Accessibility navigation

“Science capital”: a conceptual, methodological, and empirical argument for extending bourdieusian notions of capital beyond the arts

Archer, L., Dawson, E., DeWitt, J., Seakins, A. and Wong, B. ORCID: (2015) “Science capital”: a conceptual, methodological, and empirical argument for extending bourdieusian notions of capital beyond the arts. Journal of Research in Science Teaching, 52 (7). pp. 922-948. ISSN 1098-2736

Text (Open Access) - Published Version
· Available under License Creative Commons Attribution Non-commercial.
· Please see our End User Agreement before downloading.


It is advisable to refer to the publisher's version if you intend to cite from this work. See Guidance on citing.

To link to this item DOI: 10.1002/tea.21227


This paper sets out an argument and approach for moving beyond a primarily arts-based conceptualization of cultural capital, as has been the tendency within Bourdieusian approaches to date. We advance the notion that, in contemporary society, scientific forms of cultural and social capital can command a high symbolic and exchange value. Our previous research [Archer et al. (2014) Journal of Research in Science Teaching 51, 1–30] proposed the concept of “science capital” (science-related forms of cultural and social capital) as a theoretical lens for explaining differential patterns of aspiration and educational participation among young people. Here, we attempt to theoretically, methodologically, and empirically advance a discussion of how we might conceptualize science capital and how this might be translated into a survey tool for use with students. We report on findings from a survey conducted with 3658 secondary school students, aged 11–15 years, in England. Analysis found that science capital was unevenly spread across the student population, with 5% being classified as having “high” science capital and 27% “low” science capital. Analysis shows that levels of science capital (high, medium, or low) are clearly patterned by cultural capital, gender, ethnicity, and set (track) in science. Students with high, medium, or low levels of science capital also seem to have very different post-16 plans (regarding studying or working in science) and different levels of self-efficacy in science. They also vary dramatically in terms of whether they feel others see them as a “science person.” The paper concludes with a discussion of conceptual and methodological issues and implications for practice.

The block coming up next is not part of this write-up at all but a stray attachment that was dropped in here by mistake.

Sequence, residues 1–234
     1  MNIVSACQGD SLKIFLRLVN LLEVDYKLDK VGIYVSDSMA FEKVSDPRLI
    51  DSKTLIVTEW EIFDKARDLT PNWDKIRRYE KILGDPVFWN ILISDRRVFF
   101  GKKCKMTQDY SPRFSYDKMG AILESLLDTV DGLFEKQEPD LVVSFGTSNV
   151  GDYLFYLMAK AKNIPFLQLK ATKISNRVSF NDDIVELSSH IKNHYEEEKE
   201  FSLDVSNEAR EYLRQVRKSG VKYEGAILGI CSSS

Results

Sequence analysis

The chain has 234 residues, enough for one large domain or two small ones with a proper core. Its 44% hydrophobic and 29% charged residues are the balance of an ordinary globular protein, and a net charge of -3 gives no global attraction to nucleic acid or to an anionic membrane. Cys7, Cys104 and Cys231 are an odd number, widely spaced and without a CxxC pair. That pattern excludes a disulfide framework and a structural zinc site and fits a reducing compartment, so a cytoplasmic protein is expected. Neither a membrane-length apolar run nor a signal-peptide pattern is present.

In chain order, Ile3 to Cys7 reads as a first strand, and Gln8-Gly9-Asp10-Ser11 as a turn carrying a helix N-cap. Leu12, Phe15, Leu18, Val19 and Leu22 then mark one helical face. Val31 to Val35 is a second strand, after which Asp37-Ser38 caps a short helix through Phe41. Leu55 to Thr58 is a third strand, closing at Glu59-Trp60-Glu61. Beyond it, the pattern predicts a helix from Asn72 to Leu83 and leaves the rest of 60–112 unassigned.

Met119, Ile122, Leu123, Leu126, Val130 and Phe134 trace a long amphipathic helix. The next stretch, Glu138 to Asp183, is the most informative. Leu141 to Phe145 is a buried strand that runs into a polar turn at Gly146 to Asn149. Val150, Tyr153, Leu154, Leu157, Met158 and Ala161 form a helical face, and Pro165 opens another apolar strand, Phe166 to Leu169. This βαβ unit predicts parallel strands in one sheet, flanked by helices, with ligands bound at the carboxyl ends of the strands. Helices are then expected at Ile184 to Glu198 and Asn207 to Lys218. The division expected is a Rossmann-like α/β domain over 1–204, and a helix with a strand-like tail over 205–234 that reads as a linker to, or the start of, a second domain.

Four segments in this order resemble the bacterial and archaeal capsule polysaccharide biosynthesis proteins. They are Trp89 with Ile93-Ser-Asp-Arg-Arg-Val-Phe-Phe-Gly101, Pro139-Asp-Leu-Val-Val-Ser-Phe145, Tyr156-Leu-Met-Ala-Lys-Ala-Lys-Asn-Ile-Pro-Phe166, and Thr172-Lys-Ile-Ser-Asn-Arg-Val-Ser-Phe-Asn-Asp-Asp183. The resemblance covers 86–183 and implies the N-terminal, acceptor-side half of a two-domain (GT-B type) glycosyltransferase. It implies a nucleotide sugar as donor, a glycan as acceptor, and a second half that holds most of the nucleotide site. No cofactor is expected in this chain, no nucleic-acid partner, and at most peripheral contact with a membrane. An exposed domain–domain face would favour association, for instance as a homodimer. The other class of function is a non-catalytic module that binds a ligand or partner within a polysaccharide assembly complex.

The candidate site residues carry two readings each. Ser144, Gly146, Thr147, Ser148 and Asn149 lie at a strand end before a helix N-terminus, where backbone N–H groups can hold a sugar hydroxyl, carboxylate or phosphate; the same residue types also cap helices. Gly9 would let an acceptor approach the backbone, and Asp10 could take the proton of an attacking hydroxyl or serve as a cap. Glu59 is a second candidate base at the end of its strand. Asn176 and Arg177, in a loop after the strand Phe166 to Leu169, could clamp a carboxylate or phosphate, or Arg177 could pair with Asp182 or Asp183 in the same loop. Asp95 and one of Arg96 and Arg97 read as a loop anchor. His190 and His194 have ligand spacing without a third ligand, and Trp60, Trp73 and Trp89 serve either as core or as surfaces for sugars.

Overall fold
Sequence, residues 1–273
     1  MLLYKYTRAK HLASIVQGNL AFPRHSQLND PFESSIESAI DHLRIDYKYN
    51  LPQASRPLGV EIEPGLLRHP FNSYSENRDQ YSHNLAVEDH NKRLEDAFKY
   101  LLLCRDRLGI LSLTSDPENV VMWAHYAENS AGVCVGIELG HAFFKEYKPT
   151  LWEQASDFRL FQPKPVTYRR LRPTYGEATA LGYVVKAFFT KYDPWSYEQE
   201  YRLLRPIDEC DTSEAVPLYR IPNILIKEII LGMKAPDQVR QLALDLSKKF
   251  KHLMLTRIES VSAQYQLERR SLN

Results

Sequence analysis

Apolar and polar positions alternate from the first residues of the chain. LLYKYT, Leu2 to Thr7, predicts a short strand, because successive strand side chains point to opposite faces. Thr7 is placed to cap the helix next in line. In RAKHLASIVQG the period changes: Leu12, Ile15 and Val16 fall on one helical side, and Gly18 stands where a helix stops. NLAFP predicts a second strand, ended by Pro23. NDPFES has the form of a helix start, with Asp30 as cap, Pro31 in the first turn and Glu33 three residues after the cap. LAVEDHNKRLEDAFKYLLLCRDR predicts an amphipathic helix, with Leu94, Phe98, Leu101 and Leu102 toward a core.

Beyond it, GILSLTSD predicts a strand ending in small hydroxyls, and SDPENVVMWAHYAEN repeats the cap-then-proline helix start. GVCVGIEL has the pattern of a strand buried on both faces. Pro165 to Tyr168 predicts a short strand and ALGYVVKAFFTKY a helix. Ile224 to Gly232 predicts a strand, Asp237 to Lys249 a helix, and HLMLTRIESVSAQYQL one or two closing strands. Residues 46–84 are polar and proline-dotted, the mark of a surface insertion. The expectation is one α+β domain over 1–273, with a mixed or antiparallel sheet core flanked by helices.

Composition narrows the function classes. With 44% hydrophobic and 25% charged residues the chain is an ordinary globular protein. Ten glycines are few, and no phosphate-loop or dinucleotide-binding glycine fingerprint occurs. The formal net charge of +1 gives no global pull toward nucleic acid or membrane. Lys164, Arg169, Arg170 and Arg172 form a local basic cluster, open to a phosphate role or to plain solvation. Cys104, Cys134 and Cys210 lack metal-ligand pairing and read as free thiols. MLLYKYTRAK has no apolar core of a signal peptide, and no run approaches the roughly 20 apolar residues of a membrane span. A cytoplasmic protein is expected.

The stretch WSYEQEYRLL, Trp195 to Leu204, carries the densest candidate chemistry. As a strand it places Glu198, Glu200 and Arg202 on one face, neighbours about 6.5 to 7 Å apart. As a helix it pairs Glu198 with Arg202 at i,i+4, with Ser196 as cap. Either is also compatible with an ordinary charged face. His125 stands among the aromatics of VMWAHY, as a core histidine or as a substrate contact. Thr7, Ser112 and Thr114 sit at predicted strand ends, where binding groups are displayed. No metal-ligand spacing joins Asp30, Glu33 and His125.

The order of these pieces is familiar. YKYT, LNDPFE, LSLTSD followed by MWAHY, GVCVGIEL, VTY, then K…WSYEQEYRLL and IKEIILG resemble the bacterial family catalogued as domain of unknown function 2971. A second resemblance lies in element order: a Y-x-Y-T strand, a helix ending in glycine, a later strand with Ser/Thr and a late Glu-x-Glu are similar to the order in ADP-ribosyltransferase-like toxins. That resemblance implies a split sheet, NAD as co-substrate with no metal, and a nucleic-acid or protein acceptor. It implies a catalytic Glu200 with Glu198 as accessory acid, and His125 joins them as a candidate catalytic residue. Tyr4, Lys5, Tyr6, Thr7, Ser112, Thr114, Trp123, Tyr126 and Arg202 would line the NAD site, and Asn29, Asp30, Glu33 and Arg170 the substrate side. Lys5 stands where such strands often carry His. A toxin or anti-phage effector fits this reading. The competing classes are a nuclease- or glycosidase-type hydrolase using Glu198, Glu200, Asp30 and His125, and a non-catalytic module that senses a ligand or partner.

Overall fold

Item Type:Article
Divisions:Arts, Humanities and Social Science > Institute of Education > Improving Equity and Inclusion through Education
ID Code:69983
Additional Information:Open access


Downloads per month over past year

University Staff: Request a correction | Centaur Editors: Update this record

Page navigation